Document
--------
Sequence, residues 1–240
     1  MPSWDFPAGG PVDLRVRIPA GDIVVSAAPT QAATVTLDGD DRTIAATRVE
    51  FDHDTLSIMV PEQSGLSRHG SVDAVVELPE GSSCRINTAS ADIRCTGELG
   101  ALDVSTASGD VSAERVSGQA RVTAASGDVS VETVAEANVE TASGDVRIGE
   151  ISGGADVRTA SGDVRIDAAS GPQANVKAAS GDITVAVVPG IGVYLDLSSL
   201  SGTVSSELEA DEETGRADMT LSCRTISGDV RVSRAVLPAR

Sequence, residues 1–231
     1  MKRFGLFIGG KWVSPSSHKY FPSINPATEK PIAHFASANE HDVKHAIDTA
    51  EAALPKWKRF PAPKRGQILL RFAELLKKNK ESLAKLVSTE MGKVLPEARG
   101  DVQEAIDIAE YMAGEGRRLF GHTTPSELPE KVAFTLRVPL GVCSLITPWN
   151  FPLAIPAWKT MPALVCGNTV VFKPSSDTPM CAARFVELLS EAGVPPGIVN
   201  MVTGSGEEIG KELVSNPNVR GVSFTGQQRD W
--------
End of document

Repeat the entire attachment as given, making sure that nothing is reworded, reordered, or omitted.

Sequence, residues 1–240
     1  MPSWDFPAGG PVDLRVRIPA GDIVVSAAPT QAATVTLDGD DRTIAATRVE
    51  FDHDTLSIMV PEQSGLSRHG SVDAVVELPE GSSCRINTAS ADIRCTGELG
   101  ALDVSTASGD VSAERVSGQA RVTAASGDVS VETVAEANVE TASGDVRIGE
   151  ISGGADVRTA SGDVRIDAAS GPQANVKAAS GDITVAVVPG IGVYLDLSSL
   201  SGTVSSELEA DEETGRADMT LSCRTISGDV RVSRAVLPAR

Sequence, residues 1–231
     1  MKRFGLFIGG KWVSPSSHKY FPSINPATEK PIAHFASANE HDVKHAIDTA
    51  EAALPKWKRF PAPKRGQILL RFAELLKKNK ESLAKLVSTE MGKVLPEARG
   101  DVQEAIDIAE YMAGEGRRLF GHTTPSELPE KVAFTLRVPL GVCSLITPWN
   151  FPLAIPAWKT MPALVCGNTV VFKPSSDTPM CAARFVELLS EAGVPPGIVN
   201  MVTGSGEEIG KELVSNPNVR GVSFTGQQRD W